The Unnecessary Patent Alliance

Every day, if you are any kind of tech-enabled person, you hear more stories of tech companies suing each other over patents. In the rare instance, the dispute is over an actual ‘invention’, but for the most part, every dispute is over ideas that make any reasonable tech-person say, “How could that have been granted a patent? It’s obvious!”

total_pending_applicationsThe understanding we are given of how patents are supposed to work, is that someone comes up with a new idea, one that isn’t an obvious implication of already existing concepts in use, and registers it to secure some temporary commercial protection for their idea while they develop it, so no one who is bigger and better funded can beat them to market. The reality is far different, however. Whether due to corruption or incompetence in the patent process, massive numbers of patents are granted each year on ‘ideas’ that barely qualify as such.

  • In an industry that had been universally pursuing a ‘less clicks between the customer and their purchase’ strategy, Amazon was granted a patent for ‘allowing the customer to purchase with one click’. Not some novel back-end process that enabled ‘one-click’ a particular way, mind you, but the entire concept of buying with one click. And it was granted.
  • A satellite company was forced to abandon a faulty satellite worth hundreds of millions because Boeing was granted a patent on using lunar flyby orbits to recover satellites. Not a special technology for plotting orbits or a new process for getting a satellite into a particular orbit, but the very idea that if the math *everybody* was using to calculate orbits happened to result in a lunar flyby, and the mission involved salvaging a satellite, you had to pay Boeing a licensing fee!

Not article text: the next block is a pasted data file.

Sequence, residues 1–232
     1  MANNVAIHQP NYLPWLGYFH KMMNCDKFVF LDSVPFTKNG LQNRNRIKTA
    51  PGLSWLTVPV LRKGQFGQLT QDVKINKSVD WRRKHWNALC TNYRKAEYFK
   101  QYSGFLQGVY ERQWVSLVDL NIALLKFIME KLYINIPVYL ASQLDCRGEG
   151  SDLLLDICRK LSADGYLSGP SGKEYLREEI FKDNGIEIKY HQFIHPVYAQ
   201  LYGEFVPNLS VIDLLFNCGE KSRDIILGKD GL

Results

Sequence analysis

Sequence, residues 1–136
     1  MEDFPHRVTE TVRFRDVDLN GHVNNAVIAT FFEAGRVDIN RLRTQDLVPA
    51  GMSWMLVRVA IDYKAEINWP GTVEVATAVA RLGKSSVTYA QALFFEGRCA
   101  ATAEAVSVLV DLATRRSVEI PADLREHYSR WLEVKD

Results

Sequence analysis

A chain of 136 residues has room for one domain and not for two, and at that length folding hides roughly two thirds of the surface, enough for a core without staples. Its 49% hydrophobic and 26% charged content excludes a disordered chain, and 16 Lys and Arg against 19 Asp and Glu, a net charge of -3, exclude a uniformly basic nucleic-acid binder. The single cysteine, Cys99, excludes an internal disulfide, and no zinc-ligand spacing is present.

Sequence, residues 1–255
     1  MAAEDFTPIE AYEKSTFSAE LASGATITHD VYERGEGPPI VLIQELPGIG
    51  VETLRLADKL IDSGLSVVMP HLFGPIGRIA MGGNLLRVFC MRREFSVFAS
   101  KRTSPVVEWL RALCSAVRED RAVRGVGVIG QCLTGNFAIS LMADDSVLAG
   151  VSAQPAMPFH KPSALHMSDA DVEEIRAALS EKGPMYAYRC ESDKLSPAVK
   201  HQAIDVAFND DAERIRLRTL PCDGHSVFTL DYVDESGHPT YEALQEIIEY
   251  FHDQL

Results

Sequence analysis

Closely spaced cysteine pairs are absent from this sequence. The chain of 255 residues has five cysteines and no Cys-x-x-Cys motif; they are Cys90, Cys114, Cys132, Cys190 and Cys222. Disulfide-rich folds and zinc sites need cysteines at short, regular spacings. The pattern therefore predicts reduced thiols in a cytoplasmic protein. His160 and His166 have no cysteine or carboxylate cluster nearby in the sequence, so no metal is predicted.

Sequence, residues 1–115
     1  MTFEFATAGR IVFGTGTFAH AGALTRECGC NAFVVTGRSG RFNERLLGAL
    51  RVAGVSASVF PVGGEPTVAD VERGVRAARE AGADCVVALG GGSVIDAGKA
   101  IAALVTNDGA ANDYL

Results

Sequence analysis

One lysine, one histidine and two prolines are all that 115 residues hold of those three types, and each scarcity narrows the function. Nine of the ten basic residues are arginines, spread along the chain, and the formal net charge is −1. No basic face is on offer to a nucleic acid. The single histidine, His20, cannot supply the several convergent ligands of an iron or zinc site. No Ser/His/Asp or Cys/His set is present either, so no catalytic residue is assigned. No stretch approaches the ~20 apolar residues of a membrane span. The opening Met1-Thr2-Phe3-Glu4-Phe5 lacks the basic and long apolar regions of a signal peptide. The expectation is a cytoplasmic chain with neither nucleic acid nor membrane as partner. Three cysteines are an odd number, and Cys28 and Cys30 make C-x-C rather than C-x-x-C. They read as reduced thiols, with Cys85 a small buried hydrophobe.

• Apple, Google, and Samsung are locked in perpetual legal combat to the tune of billions of dollars over a series of trivial patents on things like sliding a your finger on a touch-screen to unlock a phone (as opposed to the hundreds of ways gestures are already used), “performing an action on a structure in computer-generated data” (so, doing any kind of computing, in any way?), etc…
  • 3D printers, which are very sensitive to drafts and rapid temperature changes, cannot be sold with enclosed cases that block out drafts, because one large company holds a patent on building enclosures around 3D printers (You know, the obvious solution to any problem involving how to stop a draft!).

A recent study found that patent disputes cost the US economy a net amount of 25.5 billion annually. More importantly, there are huge swathes of the tech industries where small players rarely even bother to try, because they live in constant fear that someone with a stable of trivial patents and lawyers with come out of the woodwork and sue them into bankruptcy.

It’s obvious at this point that the patent system if broken beyond repair, or at least that political and big-business forces will prevent any meaningful changes. I propose a different approach!

What if we founded a non-profit organization whose charge was to allow anyone to register any trivial or overly-broad idea for any technology, and thereby secure ‘anti-patent protection’ for that idea? It would be an easily searchable repository, designed to provide an ironclad “prior art” defense against any patent claim by demonstrating that the ‘idea’ was publicly promoted long before their rotten patent was filed. If widely adopted, it might even succeed in stopping a large number of bad patents from being granted in the first place!

I pose this as an open invitation to all techies. Will you join me in building this organization, and in donating your obvious ideas to the effort?